Americans say their jobs are stressful, at least that's what a long line of researchers have heard: Complaints of too much to do, not enough time. Well, a new study out today finds most people actually experience more stress at home than at work.

NPR's Jennifer Ludden has more.

JENNIFER LUDDEN, BYLINE: Sure, work is hard. But Pennsylvania State researcher Sarah Damaske wanted to know objectively is it harder than being at home? She had people swab their saliva to get their cortisol levels, a biological marker of stress. Through multiple tests over several days, she found a striking difference. It turns out the most relaxing part of most people's day is when we're on the job.

SARAH DAMASKE: This is across gender, across education level, across occupation level, so pretty strong finding.

LUDDEN: One exception: higher income people actually had more stress at work. Employees also reported how they felt during the study. For men, no big changes. But Damaske says women were significantly more likely to say they were happier at work.

DAMASKE: Part of this might be women are leaving work and then cooking dinner and doing the dishes, and even though men are doing more than they did 30 years ago, it's still not an even distribution.

LUDDEN: There was no gender divide during school drop off this morning in the Mount Pleasant neighborhood of Washington, D.C. We asked: What's the most stressful part of your day?

TONIJA NAVAS: Getting the kids up, getting them dressed, packing their lunches.

LUDDEN: Tonija Navas works for an international non-profit while her two kids are in school.

NAVAS: I am at ease, and then I have to pick them up.

(LAUGHTER)

NAVAS: It starts all over again.

JASON HAMACHER: Feeding them breakfast. It drives me insane.

LUDDEN: Jason Hamacher is a massage therapist.

HAMACHER: I have to distract my one-year-old with a toy. Maybe some kind of video, which I hate doing but it's the only thing that works. That's the most stressful part of my day.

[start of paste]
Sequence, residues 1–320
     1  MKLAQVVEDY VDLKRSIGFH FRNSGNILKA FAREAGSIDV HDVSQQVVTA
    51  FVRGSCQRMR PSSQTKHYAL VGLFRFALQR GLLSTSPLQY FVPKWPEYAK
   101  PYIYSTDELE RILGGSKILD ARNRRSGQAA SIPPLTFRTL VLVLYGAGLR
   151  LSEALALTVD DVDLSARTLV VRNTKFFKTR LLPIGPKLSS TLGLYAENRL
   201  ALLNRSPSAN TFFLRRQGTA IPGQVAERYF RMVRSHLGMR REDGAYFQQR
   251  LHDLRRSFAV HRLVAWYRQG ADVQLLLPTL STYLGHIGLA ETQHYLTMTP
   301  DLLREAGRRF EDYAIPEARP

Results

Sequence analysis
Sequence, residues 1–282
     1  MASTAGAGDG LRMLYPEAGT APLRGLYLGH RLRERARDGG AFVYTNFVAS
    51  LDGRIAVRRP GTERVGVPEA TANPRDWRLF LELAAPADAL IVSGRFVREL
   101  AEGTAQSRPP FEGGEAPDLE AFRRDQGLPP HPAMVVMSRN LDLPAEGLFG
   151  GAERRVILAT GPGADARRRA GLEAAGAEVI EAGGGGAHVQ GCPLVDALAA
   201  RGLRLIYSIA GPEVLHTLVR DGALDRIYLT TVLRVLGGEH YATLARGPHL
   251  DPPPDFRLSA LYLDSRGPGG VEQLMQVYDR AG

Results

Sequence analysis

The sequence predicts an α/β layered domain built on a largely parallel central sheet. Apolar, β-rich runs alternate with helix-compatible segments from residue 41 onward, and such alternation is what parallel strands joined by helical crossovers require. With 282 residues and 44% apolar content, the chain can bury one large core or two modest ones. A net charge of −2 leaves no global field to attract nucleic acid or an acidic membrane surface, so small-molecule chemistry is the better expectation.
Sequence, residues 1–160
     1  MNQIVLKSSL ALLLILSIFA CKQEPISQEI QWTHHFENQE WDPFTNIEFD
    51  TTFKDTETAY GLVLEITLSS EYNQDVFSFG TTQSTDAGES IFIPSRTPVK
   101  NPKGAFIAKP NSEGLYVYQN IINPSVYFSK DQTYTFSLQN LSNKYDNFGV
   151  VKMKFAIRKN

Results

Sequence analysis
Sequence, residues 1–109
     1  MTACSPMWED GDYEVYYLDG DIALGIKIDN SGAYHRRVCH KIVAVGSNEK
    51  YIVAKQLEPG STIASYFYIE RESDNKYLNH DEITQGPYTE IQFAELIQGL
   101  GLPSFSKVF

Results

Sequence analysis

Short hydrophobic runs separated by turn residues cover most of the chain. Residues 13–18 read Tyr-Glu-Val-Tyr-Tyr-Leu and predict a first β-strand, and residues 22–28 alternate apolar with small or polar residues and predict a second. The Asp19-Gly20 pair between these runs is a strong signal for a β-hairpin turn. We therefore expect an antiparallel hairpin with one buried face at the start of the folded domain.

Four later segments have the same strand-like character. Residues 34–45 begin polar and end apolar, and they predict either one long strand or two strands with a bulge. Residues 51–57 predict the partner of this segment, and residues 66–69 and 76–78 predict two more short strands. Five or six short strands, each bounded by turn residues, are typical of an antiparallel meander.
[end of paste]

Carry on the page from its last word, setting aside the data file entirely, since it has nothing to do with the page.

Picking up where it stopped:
LUDDEN: Now, surprise: It's not just parents. Today's study finds work is even more of a haven for people without kids, like Leigh Hartless. Standing in line at a food truck, she says she stresses out just thinking about all the stuff she has to do at home, after work.

LEIGH HARTLESS: If you're work life is that stressful you can quit. But your personal life, you can't quit your personal life.

ARLIE HOCHSCHILD: Well, I have to say I'm not surprised.

LUDDEN: Arlie Hochschild is a sociologist with the University of California at Berkeley. She made waves in the late '90s, when her book, "The Time Bind," asserted that for some, home life had become so stressful, work was a refuge. She remembers asking: Where do you feel really good at what you do, relaxed, appreciated?

HOCHSCHILD: And people would say, well, gosh. Actually, if I'm doing the right thing at work, chances are my supervisor's clapping me on the back. But if I'm doing the right thing at home, with my teenager who wants the car and is mad at me, I'm doing the right thing but I'm not appreciated.

LUDDEN: Of course, not all stress is equal, says Hochschild. You still love your squabbling baby. Penn State researcher Sarah Damaske sees her findings as not so much about being harried at home.

DAMASKE: I see it as this is good news. Work is actually good for you. It's good for you because it lowers your biological stress levels.

LUDDEN: So whatever juggling it takes to get to your job, she says, may well be worth it. Jennifer Ludden, NPR News. Transcript provided by NPR, Copyright NPR.